Climate change forces Midwest farmers to adapt

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storm clouds and farm

Recently, I presented at a conference for science educators in Ohio. As I prepared for the conference, I solely focused on ways that I could impact and enlighten the educators in attendance.

I neglected to anticipate the influence the phenomenal educators in attendance would have on me. I found myself exposed to a world of eye-opening concepts, ideas and societal adaptations, influenced by the changing world around us.

In the spring of 2017, many producers in our area were weighing the pros and cons of replanting in June. This was due to 5.5 inches of rain in both March and April, and 7.5 inches of precipitation in May.

False spring

The average temperatures in these months were 10-20 degrees higher than average temperatures and created a false spring in March. Late plantings led to a late harvest. Many producers who regularly plant cover crops planted after the NRCS deadline, or not at all.

Although this may seem like an isolated incident, it is a model of future conditions. An increase in climate-related disruptions have occurred within the past 40 years and are projected to continually increase throughout the next 25 years.

Data from the Great Lakes Integrated Sciences + Assessments (GLISA) and the National Climate Assessment suggest these changes will negatively impact Ohio crops and livestock throughout the middle of the century.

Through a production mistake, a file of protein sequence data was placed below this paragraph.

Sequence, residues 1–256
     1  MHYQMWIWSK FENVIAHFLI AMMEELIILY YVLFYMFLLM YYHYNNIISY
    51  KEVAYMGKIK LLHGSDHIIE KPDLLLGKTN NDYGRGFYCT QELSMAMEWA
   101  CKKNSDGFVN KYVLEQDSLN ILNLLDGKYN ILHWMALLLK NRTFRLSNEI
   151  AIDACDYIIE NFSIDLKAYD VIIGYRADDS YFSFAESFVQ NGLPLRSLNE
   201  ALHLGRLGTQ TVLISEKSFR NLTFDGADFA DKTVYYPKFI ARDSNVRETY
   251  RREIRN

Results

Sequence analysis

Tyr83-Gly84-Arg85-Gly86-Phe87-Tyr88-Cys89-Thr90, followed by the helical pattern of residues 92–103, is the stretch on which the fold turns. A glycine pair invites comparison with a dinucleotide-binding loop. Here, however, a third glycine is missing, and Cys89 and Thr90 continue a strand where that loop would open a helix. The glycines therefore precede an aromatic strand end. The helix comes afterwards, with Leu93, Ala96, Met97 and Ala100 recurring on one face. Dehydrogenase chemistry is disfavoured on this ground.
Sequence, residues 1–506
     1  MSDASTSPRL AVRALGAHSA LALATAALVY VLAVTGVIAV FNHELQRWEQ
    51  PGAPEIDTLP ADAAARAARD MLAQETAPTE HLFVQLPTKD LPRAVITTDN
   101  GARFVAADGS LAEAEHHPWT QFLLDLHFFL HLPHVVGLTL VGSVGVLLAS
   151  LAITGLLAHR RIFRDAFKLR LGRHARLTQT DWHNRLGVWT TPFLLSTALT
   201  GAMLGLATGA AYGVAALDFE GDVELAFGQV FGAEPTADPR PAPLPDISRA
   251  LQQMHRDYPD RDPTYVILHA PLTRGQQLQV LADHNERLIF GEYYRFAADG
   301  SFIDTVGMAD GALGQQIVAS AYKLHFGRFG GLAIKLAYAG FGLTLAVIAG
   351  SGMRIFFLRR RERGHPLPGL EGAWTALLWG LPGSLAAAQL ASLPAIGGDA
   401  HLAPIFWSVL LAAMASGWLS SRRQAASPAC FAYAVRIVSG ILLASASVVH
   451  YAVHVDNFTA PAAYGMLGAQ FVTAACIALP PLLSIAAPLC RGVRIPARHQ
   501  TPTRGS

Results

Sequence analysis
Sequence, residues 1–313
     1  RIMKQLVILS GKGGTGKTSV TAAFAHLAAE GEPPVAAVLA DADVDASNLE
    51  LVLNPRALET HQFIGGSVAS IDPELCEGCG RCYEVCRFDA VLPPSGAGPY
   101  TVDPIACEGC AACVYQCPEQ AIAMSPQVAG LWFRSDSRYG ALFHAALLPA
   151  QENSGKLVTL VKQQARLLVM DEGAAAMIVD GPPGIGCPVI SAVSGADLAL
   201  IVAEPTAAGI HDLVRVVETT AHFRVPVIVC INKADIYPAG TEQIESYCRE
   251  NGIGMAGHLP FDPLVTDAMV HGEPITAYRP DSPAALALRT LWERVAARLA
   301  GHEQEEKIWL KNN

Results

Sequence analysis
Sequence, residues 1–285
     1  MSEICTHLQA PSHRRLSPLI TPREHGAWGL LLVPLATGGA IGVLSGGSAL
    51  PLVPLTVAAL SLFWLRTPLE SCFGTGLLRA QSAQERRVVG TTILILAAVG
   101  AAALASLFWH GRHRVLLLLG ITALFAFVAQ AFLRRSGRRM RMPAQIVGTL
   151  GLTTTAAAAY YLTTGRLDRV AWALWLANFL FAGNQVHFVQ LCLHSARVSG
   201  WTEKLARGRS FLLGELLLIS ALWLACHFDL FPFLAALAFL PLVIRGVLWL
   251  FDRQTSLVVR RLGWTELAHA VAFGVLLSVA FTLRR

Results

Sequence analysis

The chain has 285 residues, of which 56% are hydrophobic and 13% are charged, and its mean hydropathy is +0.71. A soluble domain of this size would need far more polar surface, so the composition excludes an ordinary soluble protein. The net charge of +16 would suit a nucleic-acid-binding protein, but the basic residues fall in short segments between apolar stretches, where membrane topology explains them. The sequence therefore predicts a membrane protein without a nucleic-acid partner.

What are the issues?

Here are some issues that producers should be cognizant of:

Changes in precipitation. Temperatures and precipitation are likely to increase resulting in a reduction of days with favorable planting conditions.

With increased precipitation during the spring and fall, projections show a decrease in summer precipitation leading to increased droughts.

Impaired water quality. Strong storms, flash floods, and increased precipitation could elevate the effects of rainfall on semi-frozen, frozen, or drought-ridden ground. This will give rise to increased runoff and erosion, flooding in streams and ditches, contaminated water supplies, and challenges for irrigated agriculture.

Innovative conservation practices will need to be implemented to combat these challenges.

Crop and livestock. The growing season has increased by 26 days since the 1950s. Although this seems like a positive aspect, it may be quickly negated by increased heat stress, drought, weeds, diseases, insect pests and pathogens.

Current species may not be able to adapt to climate changes and producers may be forced to explore additional crops. We are in a time when it is necessary to explore future options. In an effort to become resilient to risks posed by the environment, it is best to explore hazards, assess vulnerability and risks, investigate options, prioritize and plan, and take action.

“The time is now, the place is here. Stay in the present. You can do nothing to change the past, and the future will never come exactly as you plan or hope for.”

— Dan Millman

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